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Who said they were reading the book "Glow Kids"?


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#1 mom2scouts

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Posted 11 August 2017 - 09:09 AM

I saw this book mentioned on these forums and then saw it on the shelf at my library the very next day. I started reading it last night and couldn't put it down. One of my older boys fits the category of "didn't fit in and found his group with fantasy gaming". The amount of time he spent gaming became an issue when he was in high school and I can totally see people getting addicted. I've had to pull back on my own use of Facebook because a quick check can turn into hours. My minor children don't have cell phones and can only access the family computer when I log in for them, but this reinforces my thoughts that too much screen time is addictive and negative. The studies about brain changes are very concerning!

 

I'm reading the part where he talks about schools and the thought that it's necessary and educational for all students to have constant access to tech. One of our local schools makes sure all students have Chromebooks and, just as the book says, there seems to be financial incentives for someone to get schools to buy as many as possible. Those who work for tech giants send their own children to Waldorf and Montessori schools because they understand the dangers. I kept thinking about how my oldest child never had access to tech (no TV, no cell phone, no computer, no video games) until probably middle school and he now has a good paying job in tech with an international company. I know we don't need to have our toddlers swiping tablets to compete in the real world! Kids with well developed *brains* are going to do just fine.

 

Has anyone else read this book? Thoughts?



#2 Bluegoat

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Posted 11 August 2017 - 01:17 PM

I remember it being mentioned in the other thread.

 

I have to say it drives me up the wall that they spend money on tech with no evidence that it improves outcomes, while things like music, which do, go by the wayside.

 

The fantasy thing is interesting.  I was a bit like that in middle/high school, and I found my niche with the RPG gamers - but not online.  I think there were some real advantages of that over the online version.


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#3 nixpix5

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Posted 11 August 2017 - 02:02 PM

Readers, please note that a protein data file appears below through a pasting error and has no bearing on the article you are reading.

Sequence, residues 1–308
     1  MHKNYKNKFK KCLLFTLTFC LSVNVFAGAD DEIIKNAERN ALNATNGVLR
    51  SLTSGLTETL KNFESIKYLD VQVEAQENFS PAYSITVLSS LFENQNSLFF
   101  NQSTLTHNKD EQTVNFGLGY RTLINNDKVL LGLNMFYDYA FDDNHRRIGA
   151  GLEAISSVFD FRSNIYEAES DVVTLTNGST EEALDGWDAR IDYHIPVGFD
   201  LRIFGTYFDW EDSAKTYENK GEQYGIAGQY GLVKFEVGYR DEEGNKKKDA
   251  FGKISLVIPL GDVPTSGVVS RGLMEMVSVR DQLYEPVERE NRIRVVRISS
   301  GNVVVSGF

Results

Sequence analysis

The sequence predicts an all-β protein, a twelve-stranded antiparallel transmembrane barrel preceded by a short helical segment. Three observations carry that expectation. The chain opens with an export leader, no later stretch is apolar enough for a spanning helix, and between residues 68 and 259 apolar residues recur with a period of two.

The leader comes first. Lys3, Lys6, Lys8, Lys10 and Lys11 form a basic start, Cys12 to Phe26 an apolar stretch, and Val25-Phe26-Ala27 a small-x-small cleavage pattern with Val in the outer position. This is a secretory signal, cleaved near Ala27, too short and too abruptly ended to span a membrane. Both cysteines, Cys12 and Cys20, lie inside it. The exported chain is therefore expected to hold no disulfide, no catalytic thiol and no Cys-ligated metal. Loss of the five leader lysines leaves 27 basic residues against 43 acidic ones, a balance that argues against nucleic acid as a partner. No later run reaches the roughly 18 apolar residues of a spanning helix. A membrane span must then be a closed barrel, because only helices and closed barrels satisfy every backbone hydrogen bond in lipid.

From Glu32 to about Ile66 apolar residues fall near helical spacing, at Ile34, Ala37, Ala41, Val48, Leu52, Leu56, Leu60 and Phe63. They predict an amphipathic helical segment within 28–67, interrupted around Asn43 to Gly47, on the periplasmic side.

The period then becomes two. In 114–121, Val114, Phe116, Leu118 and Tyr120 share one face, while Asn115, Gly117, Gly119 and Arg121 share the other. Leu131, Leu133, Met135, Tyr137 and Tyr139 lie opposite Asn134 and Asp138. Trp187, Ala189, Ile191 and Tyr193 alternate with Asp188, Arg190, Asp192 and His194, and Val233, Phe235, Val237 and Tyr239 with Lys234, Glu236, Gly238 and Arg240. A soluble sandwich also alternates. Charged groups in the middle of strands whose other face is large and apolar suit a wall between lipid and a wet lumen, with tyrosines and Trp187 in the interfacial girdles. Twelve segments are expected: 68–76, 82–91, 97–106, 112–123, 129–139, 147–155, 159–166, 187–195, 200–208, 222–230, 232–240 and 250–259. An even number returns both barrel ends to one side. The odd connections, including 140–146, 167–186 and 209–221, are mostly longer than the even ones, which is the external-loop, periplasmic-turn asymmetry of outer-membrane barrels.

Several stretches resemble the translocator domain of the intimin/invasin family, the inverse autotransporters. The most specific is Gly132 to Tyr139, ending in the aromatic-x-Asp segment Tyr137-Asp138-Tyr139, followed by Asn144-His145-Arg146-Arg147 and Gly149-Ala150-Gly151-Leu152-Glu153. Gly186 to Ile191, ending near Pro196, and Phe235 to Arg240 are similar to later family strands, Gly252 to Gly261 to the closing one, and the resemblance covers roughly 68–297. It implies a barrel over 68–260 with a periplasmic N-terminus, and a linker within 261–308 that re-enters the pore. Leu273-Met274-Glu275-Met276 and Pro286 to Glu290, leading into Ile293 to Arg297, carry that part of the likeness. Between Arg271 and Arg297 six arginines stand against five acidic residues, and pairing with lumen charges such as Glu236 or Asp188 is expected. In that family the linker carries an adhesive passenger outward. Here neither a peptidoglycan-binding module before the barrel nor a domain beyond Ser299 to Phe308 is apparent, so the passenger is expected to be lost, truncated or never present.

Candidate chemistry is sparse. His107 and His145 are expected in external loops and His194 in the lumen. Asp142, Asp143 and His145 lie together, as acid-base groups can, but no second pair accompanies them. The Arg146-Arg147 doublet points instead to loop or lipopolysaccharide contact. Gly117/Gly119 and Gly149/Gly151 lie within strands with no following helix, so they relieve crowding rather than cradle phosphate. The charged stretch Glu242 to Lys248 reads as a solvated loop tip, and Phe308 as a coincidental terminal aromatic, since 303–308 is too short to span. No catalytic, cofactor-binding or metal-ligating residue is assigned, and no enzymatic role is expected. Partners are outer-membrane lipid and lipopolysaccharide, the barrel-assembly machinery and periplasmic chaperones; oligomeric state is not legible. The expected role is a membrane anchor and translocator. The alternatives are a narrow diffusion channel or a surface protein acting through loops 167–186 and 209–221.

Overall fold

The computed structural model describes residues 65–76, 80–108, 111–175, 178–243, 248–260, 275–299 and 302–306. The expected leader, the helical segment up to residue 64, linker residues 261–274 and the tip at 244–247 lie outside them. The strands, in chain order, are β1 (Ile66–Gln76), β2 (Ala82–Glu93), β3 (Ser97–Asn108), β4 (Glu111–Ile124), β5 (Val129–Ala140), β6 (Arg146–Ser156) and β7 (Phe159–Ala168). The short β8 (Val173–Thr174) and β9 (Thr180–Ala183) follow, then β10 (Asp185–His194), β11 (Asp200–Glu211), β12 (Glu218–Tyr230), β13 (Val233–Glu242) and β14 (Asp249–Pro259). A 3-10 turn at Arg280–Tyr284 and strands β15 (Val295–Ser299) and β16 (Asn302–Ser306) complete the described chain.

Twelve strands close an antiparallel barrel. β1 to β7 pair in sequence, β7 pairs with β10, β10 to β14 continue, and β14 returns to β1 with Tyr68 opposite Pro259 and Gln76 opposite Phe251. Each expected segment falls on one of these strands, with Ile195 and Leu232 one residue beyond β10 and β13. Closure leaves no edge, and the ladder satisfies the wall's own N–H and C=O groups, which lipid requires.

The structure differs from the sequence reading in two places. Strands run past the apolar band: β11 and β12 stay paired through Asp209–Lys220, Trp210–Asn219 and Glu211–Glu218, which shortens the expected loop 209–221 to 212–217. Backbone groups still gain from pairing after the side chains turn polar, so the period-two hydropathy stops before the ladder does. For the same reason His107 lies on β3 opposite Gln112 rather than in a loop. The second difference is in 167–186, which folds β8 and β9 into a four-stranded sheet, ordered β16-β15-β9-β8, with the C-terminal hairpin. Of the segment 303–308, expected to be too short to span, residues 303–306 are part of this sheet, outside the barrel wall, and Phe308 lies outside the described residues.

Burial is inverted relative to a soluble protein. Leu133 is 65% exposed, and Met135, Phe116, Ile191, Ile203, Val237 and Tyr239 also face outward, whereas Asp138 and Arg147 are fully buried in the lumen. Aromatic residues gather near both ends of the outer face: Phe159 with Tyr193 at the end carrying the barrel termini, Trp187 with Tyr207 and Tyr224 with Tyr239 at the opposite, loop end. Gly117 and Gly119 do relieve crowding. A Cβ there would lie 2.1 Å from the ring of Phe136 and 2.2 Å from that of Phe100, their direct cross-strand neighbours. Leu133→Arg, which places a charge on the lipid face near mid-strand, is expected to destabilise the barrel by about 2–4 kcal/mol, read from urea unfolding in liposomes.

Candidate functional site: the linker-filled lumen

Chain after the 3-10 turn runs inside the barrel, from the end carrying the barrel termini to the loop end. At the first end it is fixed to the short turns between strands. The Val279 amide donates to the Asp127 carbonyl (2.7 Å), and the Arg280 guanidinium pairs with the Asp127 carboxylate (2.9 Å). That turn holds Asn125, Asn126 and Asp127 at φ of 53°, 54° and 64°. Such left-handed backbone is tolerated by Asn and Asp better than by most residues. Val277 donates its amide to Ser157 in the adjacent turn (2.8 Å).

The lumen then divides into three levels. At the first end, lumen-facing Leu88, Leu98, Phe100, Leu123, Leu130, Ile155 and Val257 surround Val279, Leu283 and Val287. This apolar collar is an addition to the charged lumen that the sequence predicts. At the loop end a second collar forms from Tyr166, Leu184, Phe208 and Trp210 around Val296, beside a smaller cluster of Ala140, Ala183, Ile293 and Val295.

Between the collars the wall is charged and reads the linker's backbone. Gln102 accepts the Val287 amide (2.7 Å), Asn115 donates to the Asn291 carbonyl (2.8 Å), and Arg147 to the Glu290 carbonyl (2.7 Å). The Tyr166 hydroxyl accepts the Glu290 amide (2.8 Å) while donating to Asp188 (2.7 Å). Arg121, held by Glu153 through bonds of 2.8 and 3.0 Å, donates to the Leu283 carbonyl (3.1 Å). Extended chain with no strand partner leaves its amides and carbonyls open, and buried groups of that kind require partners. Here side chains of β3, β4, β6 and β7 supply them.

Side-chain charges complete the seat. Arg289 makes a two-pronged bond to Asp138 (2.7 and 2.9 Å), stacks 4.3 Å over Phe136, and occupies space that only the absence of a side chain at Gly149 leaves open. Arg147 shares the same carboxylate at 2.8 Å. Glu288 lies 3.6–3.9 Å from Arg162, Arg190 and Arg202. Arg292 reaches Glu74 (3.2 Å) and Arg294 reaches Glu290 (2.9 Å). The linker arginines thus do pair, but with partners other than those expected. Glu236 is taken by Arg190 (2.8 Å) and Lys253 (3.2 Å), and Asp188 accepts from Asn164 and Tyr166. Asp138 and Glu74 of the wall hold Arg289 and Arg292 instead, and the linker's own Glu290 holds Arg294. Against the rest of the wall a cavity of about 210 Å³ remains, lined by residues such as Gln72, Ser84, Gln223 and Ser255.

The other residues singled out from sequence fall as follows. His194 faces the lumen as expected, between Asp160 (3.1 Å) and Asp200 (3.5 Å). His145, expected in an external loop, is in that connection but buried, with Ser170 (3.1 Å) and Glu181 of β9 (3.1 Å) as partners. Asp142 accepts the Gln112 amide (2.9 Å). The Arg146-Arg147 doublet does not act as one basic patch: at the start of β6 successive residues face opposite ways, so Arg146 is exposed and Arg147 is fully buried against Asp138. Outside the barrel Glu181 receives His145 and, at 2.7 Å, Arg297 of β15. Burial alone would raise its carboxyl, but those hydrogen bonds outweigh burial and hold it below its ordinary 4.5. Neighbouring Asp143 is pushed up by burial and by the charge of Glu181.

I haven't read it but am going to. My graduate research for my clinical psychology degree was in video game addiction and have gone on to work with families who are suffering from this. It is near and dear to my heart. When I worked as a neurobiologist I spent most of my time in a lab that looked at drug addiction. I became interested in video game addiction way back then because I saw it happening to people I know. The research done in rats where they blocked the dopamine response and rats no longer became addicted to cocaine started my decade long journey in dopamine system research. Let me tell all who will listen that it is dopamine that causes the addiction, not the drug and video games give a HUGE dopamine payout. To understand just how addicting it is you have to understand the dopamine system which literally acts synergistically with other neurotransmitter systems. Topping out your dopamine and then not having the "fix" causes depression, irritability, lack of focus and so forth because it also effects serotonin, neuroepinephrin and the like.

I worked in a Montessori school with no tech for 3 years. A huge proportion of the student body was kids of people who worked at Microsoft, Amazon and various other tech jobs. I would often so parent workshops specifically on tech exposure and addiction. I was always floored at how many parents had no clue how powerful tech addiction was until there little Johnny, who managed it "fine" as a 10 year old (even though he spent 3 to 4 hours a day on the weekend or more gaming) suddenly at 16 yo was a teen that didn't have hobbies he enjoyed, didn't go out with friends much, had to be poked and prodded to do work and then would put hardly any energy into it, would sneak tech when asked not to, get irritable etc. All signs of a problem. I saw it over and over. Then they would make themselves feel better by saying "all teens went through this" (uhhh, yeah, no they don't). Same cycle over and over and over. These parents would often quickly get them an ADHD diagnosis (which crops up when kids game alot) and when medication didn't fix it they were baffled.

I swear if I had a dollar for every time I saw this happen I would be rich. The social world of RPG are especially problematic for some youth who do not have good social skills or find their popularity online.

I always tell people who let their kids game just make sure you have them in lots of physical activities, hobbies, face to face friend hang outs, and have tech free days in your home. Teach balance. Don't let gaming be their only hobby.
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#4 HoppyTheToad

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Posted 11 August 2017 - 02:15 PM